"It was at this point we were enlightened about the new democratic army we had heard so much about. Forms were handed out in which we were asked to state where we would like to be posted and with whom. As there was an almost full-blown war going on in Greece and Palestine, these two places were extremely low on the list! I think I opted for Tripoli or Khartoum. All this sounded pretty good to us. Finally, a draft was assembled and so proceeded to the main railway station and there put on a troop train. It was so crowded, a lot of us, myself included, had to sit on the floor but after we moved off, I had the nagging thought that why was it that the six of us, who were all going to different places, were all on the same train. We were not too long in finding out for, when we crossed the Suez Canal at Alcantara, some bright spark chipped in with 'There is only one place this train is going, lads. Palestine - here we come!
We crossed the border and stopped at Gaza where an armoured train was put on the front. After a short stop we moved on towards Jerusalem. Men of the 6th Airborne Division were very much in evidence guarding the track along its complete length. At last we reached a place called Lydda which was an army railhead and here we had to get out and were formed up on the platform into our respective units. I remember vividly a detachment of the RAF Regiment who were very smart and remained practically at attention for the whole time we were there. The rest of us just hung about.
At last we were told that we would not be going any further by train as the track ahead had been blown up and Jerusalem station had been partially blown up a few days previously, so we would be moved up by truck. After a two hour journey we arrived at our unit, the 90 Btn, at Schneller Orphanage, a garrison on the edge of Jerusalem which we shared with the Argyll and Sutherland Highlanders and was at that time within the 1st Infantry Division area. I was allotted a bed in a room with about ten other men and, by way of conversation, I remarked that it seemed reasonably quiet, but by the abuse hurled at me, my remark was not welcome! I was soon to find out why.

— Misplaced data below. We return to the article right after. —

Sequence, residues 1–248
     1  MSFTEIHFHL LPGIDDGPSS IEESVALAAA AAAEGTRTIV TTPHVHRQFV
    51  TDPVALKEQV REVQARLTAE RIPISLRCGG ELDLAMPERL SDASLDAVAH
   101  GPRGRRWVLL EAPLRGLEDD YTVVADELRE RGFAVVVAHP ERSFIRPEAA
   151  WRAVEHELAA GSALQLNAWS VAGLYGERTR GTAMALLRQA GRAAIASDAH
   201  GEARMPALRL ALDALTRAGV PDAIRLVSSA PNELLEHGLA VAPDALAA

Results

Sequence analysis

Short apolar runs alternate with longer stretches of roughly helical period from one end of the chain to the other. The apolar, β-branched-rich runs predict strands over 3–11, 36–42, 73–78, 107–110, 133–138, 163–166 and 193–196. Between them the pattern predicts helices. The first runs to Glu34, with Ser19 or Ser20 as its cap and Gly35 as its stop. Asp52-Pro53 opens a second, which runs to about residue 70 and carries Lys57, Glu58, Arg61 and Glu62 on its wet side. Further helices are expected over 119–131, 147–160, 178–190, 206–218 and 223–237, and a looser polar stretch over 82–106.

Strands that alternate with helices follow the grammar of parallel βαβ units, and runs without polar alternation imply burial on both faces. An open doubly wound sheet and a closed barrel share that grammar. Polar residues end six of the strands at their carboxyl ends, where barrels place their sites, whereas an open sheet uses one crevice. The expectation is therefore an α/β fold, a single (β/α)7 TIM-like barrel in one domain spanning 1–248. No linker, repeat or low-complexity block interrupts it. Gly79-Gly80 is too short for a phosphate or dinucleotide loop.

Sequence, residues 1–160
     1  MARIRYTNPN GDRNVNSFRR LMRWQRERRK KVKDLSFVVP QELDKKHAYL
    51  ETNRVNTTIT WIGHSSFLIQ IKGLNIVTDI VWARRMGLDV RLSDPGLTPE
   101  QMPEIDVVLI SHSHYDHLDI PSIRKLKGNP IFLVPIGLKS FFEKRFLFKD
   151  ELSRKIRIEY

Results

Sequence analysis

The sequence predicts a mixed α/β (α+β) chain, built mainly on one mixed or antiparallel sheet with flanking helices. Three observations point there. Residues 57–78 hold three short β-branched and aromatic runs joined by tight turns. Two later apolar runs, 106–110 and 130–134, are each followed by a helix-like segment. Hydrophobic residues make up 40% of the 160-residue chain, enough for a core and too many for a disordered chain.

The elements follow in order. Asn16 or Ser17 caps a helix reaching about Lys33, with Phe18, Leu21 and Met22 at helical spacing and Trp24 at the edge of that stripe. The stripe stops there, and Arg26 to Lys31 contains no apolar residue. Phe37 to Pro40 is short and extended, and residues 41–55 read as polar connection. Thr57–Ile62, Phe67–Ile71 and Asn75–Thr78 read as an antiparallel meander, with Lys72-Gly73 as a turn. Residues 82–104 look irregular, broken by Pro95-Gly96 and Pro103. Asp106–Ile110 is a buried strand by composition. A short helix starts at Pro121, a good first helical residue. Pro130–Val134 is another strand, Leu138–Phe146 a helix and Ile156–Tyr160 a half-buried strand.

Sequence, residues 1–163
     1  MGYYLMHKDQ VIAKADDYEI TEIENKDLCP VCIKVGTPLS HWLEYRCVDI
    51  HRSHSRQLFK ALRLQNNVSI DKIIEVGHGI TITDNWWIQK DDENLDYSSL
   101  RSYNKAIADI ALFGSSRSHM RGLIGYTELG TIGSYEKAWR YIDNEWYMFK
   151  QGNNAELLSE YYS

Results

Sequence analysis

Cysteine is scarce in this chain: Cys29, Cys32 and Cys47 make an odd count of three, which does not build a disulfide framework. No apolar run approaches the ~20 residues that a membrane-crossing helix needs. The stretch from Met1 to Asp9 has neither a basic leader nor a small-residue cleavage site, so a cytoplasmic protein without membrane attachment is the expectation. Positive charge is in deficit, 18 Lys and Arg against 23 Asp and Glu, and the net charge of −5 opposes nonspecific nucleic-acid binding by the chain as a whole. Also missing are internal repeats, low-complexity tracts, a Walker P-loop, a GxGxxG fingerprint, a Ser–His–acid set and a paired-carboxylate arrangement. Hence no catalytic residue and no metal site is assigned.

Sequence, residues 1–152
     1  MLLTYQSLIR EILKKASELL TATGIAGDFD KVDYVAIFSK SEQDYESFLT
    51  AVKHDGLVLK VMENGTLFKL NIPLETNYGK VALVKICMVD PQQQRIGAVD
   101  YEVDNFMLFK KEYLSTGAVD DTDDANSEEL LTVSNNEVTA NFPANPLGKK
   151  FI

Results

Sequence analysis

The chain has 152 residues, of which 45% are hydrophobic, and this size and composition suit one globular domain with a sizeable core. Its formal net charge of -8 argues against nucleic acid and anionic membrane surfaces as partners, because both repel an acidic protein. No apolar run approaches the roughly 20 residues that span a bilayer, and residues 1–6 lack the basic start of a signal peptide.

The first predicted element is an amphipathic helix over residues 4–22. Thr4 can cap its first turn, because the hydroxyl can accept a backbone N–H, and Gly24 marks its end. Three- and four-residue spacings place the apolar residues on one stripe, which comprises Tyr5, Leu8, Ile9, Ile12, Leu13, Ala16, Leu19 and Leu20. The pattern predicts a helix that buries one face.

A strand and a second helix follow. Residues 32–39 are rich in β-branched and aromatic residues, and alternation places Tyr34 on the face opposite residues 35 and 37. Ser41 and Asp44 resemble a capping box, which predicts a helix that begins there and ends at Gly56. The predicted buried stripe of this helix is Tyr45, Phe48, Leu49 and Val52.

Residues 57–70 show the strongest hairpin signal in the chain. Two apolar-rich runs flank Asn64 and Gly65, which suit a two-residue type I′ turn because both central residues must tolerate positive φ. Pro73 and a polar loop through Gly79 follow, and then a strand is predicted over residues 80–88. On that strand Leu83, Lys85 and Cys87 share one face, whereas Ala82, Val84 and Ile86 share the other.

The following morning we were paraded before the CO who welcomed us by saying that we were scruffy, our brasses were unpolished, our uniforms were dirty and un-pressed; in fact we were a disgrace to the British Army and to get ourselves sorted sharply. Before we could do this, a general alarm from the garrison to stand-to was sounded and we were told to form outside in battle order. It was noted that I was a bren gunner and I was ordered to pick a number two, draw a bren gun and two boxes of ammo from the armoury and take up a position overlooking the main gate. We remained there all day with the occasional bark of gunfire coming from the direction of the town. It got dark about seven o'clock and shortly afterwards the whole show started up with almost continuous gunfire and explosions with tracers coming from all directions. We were now joined by a Black Watch officer who ordered me to concentrate on an olive grove to my front but on no account to open fire. I held gun flashes constantly in my sights but was restrained from opening fire. This officer had an annoying habit of waving a cigarette lighter across the window opening 'to liven things up a bit' he said. He certainly did for a burst of fire blew the window out above us. He told us shortly afterwards that a patrol of Argylls was going to sort things out - which they did most effectively. One of the terrorists killed was a 16 year old girl. The firing continued for much of the night and we were stood down about 9 o'clock in the morning."
Source: written account by Harry Devey, May 2001